April 21st, 2018 - May 9th, 2018 // "Flourish"

::falls into couch wearing pj's in the middle of the day:: 

Phew, this month is already flying by! 

I recently had the opportunity to visit Spokane and attend First Friday at The Chase Gallery for the group show "Flourish" which featured myself and fellow artists Melinda Hurst-Frye and Tara McDermott. 

It was lovely to see this show, the three of us have been working on it since late last summer and to finally see all our hard work on display was incredibly rewarding. 

What makes the show special is not only that our work shares similarities, (ie. photograph arts focusing on nature) but also that while our subject matter and tools are similar, our final work and process are all very different. 

Another joy about this quick visit was how kind and welcoming The Chase Gallery was, both Mika Maloney and Remilisa Cullitan from Spokane Arts took excellent care of the layout and helped us in every way. It was a pleasure to work with them and I hope to do so again in the future. 

I also want to recognize how kind fellow photographer and Spokane native Melissa Rackham was, she visited the show Friday night and invited us over for brunch the next day with her family in her lovely home -- it was a great start to our very hectic Saturday which started with an artist talk and ended with driving all the way home to Seattle.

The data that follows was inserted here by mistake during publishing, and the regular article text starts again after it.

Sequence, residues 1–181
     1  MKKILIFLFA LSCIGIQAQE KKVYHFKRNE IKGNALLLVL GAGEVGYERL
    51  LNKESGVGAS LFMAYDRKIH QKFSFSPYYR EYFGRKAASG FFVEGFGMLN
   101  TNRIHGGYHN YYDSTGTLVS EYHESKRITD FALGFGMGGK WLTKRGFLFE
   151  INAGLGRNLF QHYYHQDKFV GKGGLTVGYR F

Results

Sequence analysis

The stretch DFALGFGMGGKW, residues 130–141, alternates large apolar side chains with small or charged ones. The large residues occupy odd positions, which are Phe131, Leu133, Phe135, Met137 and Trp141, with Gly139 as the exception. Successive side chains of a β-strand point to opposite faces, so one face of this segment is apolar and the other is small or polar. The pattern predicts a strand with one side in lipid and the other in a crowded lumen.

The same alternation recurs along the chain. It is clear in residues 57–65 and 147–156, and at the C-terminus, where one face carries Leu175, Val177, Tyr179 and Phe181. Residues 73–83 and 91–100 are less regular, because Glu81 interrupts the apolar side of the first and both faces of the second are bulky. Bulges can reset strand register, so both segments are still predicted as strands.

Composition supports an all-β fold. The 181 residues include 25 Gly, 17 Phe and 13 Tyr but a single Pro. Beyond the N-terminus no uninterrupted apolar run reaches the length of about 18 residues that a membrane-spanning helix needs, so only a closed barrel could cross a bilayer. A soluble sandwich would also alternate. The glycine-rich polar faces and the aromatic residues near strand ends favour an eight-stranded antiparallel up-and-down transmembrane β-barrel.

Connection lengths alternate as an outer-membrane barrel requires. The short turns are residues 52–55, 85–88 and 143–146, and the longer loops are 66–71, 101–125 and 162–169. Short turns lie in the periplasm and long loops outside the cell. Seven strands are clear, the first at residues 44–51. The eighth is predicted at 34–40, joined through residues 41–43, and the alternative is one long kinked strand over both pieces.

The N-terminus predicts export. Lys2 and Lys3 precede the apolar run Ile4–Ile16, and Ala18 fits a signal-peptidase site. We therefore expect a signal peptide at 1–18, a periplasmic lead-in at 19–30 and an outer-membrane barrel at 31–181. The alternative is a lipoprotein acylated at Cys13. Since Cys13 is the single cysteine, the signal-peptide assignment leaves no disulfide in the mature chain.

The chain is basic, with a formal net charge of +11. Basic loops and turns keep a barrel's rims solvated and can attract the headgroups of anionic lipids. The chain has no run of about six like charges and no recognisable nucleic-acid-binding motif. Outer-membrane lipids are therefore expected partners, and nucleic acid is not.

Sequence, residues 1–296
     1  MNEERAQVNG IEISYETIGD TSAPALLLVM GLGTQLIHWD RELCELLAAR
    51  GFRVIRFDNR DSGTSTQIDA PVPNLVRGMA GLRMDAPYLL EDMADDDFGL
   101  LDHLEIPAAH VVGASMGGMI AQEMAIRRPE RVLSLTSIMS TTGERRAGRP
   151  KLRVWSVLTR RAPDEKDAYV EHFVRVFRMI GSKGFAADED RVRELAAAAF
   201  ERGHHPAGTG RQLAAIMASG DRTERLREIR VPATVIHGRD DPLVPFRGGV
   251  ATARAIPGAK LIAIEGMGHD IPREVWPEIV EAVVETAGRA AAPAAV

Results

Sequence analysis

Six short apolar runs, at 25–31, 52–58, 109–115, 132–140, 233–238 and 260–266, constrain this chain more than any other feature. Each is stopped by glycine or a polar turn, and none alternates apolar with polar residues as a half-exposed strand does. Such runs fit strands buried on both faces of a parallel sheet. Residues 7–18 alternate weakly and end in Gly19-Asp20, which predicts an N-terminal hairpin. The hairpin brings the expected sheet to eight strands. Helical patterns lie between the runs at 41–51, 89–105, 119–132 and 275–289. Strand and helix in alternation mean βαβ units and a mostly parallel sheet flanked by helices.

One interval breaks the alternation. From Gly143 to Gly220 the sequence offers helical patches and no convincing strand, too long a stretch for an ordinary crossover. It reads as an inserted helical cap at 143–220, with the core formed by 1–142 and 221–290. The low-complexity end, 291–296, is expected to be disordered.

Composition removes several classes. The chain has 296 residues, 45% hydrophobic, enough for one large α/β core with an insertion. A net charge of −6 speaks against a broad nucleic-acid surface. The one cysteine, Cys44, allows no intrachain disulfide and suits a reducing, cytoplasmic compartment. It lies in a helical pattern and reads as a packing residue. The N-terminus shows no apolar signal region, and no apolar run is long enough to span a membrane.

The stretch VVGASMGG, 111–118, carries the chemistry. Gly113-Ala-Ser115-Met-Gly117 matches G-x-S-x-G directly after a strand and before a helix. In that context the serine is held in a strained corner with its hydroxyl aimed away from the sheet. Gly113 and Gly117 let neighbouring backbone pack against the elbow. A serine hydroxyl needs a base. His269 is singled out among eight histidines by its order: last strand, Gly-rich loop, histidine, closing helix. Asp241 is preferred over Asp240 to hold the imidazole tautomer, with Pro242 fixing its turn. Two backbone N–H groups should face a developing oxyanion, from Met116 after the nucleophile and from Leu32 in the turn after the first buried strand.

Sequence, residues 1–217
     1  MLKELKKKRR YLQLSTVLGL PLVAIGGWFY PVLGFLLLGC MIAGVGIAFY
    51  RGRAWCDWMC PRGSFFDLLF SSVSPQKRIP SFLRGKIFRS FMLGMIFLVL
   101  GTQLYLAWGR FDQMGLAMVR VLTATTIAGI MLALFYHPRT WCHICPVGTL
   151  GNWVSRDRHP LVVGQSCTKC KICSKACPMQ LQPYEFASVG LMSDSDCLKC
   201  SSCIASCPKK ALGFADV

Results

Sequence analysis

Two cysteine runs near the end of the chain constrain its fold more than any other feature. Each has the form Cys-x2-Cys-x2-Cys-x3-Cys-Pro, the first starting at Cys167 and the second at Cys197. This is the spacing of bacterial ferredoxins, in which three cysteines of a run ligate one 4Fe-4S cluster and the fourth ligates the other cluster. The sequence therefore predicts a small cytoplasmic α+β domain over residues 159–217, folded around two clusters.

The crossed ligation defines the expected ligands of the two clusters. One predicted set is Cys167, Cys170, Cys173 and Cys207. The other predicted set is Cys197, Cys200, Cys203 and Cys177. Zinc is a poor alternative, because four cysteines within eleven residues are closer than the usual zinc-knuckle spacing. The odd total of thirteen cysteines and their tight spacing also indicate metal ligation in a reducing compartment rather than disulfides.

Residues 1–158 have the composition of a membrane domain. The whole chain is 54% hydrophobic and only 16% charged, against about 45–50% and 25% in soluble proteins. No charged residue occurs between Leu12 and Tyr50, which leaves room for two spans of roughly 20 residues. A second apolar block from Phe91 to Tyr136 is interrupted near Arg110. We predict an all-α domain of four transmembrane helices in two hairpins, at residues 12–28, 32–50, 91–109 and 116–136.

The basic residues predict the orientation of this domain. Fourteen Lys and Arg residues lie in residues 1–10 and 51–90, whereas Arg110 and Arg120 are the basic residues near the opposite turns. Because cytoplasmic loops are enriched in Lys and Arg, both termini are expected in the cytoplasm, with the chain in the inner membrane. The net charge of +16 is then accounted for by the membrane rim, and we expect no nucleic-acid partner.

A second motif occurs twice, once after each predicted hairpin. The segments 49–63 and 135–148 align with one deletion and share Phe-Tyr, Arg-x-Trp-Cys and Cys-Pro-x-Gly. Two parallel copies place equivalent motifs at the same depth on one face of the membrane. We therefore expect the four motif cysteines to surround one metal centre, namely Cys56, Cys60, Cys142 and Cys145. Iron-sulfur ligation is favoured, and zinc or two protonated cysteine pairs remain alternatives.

All in all, I came home Saturday night and crashed until Monday morning -- but while my body was tired (and maybe still a bit tired today)  I'm now feeling ambitious and inspired, and so thoroughly in love and thankful to the city of Spokane. 


One of the best parts of this whole experience was getting a chance to watch Tara make her work on the way to the show, she even let me take a photo on the Hasselblad! (!!! x 100) 

So while my quick iPhone 6 snaps will pail in comparison to her medium format goodness, here are a few of my favorites from the trip over. 

March 13th, 2018 - April 20th, 2018 // Love Letter to Spring 

The last few weeks of April are usually my last bits of calm before the storm -- since my collage work heavily relies on photographs of plant life, I have an "on" season that starts to pick up late Spring and runs like a marathon through late Fall. (Or when I have a small mental breakdown, whichever comes first.)